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Grid edge data can help DSOs predict and prevent faults. Image: Getty.
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​​Current​±​ Chats: Depsys' Gordon Fairley on using grid edge data to improve DSO fault resolution

Grid edge data can help DSOs predict and prevent faults. Image: Getty.

Analytics and intelligent management solutions firm depsys is aiming to enable distribution system operators (DSOs) to better understand and control their networks by providing them with valuable data via its intelligent technological platform GridEye.

Current± caught up with Gordon Fairley, sales and business development lead, to discuss how digitalisation can help prevent and improve the resolution of faults on the electricity networks and further the transition to DSOs.

What are the key risk factors for distribution network operators (DNOs) in the transition to DSOs that you’re keeping an eye on?

Some countries have talked about energy demand doubling through 2030, we're seeing a significant uptake in the UK of electric vehicles and the need for charging, and that impact on the grid combined with the fact that something like 25-36% of grid assets across Europe are over 40 years old and the fact you have the energy transition to renewables where you have significant adoption of renewable energy on the grid, I think all of that combined creates huge stress on the grid.

When a fault has occurred on the system, how can digitisation help improve the process of resolving that?

Today, the DSOs primarily have built-in systems within their grid typically at the primary substations, which are looking for faults and measuring currents and deviations. But having grid edge data basically allows them to do real time analysis of voltage and current and a number of other features such as grid harmonics. We're able to do adaptive sampling at the grid edge, which gives the capability to basically not only detect the fault and the type of fault, but also to localise the fault.

Today, localising a fault perhaps takes around two hours on average, and our target is to take it down to around 15 minutes. So that's significant from an operational perspective in terms of being able to use grid edge data to improve the operational performance of the DSOs.

How does this help with predicting faults?

If you're monitoring the grid, you're looking for intermittent signals. Something in the order of 70% of events in total are not full faults where the grid goes out - they're temporary in nature. We anticipate something in the region of upwards of 25% of those temporary faults in the low voltage grid can be predicted, which is significant.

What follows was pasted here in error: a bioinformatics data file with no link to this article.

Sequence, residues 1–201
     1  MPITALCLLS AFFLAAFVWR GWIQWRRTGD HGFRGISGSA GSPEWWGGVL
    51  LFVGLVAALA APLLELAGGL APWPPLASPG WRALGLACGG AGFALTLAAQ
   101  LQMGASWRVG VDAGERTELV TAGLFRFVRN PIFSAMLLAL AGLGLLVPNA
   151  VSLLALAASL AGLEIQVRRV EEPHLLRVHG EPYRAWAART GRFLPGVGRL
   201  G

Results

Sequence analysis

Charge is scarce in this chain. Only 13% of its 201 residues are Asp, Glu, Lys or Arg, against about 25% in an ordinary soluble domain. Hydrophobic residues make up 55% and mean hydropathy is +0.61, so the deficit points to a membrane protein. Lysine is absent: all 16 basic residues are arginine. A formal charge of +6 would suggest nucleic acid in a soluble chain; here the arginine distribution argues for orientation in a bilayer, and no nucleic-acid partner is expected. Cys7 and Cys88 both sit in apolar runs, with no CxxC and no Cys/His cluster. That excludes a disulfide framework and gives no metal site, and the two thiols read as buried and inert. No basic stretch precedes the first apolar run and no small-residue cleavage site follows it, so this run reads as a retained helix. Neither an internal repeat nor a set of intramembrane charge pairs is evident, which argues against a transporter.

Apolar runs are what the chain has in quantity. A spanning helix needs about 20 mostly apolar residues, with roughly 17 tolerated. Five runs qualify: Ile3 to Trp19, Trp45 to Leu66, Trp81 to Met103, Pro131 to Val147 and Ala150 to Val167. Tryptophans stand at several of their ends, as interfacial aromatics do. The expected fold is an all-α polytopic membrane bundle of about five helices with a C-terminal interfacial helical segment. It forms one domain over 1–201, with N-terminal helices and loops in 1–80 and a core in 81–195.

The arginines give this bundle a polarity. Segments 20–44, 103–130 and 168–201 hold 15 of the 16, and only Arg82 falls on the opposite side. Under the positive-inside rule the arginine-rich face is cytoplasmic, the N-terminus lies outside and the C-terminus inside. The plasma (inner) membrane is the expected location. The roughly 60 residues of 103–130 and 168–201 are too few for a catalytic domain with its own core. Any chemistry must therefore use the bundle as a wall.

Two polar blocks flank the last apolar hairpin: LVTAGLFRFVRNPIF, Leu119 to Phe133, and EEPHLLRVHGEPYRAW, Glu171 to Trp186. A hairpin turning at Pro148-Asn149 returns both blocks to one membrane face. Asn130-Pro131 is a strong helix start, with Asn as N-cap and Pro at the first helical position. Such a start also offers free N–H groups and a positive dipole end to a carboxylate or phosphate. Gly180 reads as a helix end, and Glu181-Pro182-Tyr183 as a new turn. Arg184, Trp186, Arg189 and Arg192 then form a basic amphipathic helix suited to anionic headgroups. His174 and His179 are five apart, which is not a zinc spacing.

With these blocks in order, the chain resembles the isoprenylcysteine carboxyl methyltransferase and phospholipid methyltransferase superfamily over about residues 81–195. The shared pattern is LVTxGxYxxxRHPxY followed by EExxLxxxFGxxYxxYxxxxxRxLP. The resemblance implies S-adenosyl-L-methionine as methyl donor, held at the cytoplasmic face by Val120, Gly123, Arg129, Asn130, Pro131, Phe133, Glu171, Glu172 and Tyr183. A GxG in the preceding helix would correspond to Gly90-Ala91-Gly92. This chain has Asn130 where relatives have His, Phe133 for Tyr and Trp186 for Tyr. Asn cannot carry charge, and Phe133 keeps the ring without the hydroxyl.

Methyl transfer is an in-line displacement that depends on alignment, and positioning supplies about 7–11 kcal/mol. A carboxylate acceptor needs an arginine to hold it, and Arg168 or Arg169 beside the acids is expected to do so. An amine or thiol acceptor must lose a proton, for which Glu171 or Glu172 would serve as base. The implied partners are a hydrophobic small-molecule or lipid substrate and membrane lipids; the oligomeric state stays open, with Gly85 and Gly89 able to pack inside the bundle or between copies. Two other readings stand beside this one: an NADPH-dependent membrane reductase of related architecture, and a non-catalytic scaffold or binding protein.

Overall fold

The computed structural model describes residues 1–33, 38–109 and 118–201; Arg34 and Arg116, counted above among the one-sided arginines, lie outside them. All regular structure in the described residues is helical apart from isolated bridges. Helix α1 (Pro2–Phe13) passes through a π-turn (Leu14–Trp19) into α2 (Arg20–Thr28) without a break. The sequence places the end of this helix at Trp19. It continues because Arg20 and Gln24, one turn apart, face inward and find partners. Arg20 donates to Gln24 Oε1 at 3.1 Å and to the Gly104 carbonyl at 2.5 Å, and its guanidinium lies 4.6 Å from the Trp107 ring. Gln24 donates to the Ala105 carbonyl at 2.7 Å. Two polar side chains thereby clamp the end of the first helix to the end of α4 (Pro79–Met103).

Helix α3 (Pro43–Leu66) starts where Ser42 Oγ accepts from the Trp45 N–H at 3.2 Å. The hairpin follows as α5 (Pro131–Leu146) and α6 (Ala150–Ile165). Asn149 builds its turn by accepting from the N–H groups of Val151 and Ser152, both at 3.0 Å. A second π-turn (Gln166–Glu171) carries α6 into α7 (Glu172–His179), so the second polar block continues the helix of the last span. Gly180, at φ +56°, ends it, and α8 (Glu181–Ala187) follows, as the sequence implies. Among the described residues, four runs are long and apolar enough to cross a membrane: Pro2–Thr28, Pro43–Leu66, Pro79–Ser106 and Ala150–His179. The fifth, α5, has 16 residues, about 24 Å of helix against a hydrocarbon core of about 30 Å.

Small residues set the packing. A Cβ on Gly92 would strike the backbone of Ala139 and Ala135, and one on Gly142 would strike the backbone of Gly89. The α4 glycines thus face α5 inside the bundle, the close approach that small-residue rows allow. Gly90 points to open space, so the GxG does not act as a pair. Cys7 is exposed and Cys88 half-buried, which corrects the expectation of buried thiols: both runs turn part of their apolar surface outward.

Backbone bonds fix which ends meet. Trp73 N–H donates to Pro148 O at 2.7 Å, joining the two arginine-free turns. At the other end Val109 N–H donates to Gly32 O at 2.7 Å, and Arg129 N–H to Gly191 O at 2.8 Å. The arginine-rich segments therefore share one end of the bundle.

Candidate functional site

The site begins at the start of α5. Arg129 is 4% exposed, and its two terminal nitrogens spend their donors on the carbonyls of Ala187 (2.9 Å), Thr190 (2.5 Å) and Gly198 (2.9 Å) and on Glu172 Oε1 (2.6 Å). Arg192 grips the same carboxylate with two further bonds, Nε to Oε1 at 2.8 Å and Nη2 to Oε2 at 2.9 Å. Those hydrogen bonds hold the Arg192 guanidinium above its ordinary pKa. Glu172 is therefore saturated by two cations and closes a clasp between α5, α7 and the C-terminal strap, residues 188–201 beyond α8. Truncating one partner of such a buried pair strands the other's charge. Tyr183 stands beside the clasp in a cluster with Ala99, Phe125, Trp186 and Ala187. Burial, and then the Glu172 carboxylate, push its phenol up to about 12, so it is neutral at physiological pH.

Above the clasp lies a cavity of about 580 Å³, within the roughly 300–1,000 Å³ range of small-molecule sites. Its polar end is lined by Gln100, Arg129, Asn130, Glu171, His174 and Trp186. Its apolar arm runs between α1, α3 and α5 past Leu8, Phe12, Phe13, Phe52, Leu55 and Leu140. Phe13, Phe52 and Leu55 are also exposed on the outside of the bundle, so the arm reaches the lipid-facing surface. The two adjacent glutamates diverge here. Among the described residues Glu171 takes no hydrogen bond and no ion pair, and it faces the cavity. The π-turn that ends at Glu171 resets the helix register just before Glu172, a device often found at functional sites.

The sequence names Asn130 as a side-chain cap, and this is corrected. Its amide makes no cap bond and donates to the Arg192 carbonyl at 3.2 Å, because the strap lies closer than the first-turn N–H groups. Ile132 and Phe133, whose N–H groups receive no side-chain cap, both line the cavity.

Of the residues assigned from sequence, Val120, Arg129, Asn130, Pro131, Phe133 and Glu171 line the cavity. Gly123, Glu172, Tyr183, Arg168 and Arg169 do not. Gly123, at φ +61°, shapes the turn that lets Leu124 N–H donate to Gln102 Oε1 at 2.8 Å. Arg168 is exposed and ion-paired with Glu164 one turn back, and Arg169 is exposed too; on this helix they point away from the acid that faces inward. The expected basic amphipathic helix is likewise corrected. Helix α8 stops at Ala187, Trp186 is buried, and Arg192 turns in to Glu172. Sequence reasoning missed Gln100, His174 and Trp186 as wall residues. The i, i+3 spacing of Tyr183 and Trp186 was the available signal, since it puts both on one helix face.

The methodology of prediction is to look at deviations, small perturbations in the signals, and with the very granular measurement that we're doing and the very high accuracy measurement we're doing, we can actually look at those signals and do signal analysis, interpret that, classify those and give insight back to the DSO as to what that means.

Then, in terms of action out of that, the DSO can take action in terms of organising their operational maintenance more effectively. They can go out and replace assets ahead of the fault happening when it fits with their maintenance schedule.

What do the networks need to do to continue to evolve as the system evolves and becomes more reliant on digitalisation?

The DSOs are going through this major transition, both to the network and also to the skillsets they need within the company. We know that many are bringing on data experts working on data ingestion and the whole side of data usage and data analytics as part of their systems. They're also coming from a traditional grid management system, where understandably reliability is key, so all of the systems are very heavily controlled. I think that aspect is changing and the DSOs are aware and moving that forward with the adoption of more advanced technologies and the capabilities that using those more advanced technologies bring to the grid.

I think we've seen the first steps. The smart meter rollout, for example, is one area where the DSOs are trying to use big data to crunch a lot of data centrally and try to read the tea leaves, so to speak. We do see that as having value, but at the same time, we also see the ability to do very advanced measurement within the grid, and do grid edge computing, grid edge algorithms and grid edge analytics as very significant in terms of the benefit of insight, and the ability to tune the algorithms to the measurements.

How much consideration needs to be given to cybersecurity as the networks become increasingly digitalised?

It's a very, very key part of the work we're doing. We're ISO 27001 certified, and we're working very closely with customers on cybersecurity issues. Collecting that amount of data, albeit at the grid edge, still requires the responsibility to make sure that the systems are incredibly secure.

How proactive are DNOs in seeking out new tech and solutions?

In the UK particularly there's quite a strong tradition of innovation, obviously with the Network Innovation Competition projects. I think initially when they were set up in the current RIIO period, they were seen perhaps as a bit too research focused, but in the last few years they've really focused on bringing that innovation into operational deployment, which I think is very positive.

Editorial

Alice Grundy Reporter, Current±

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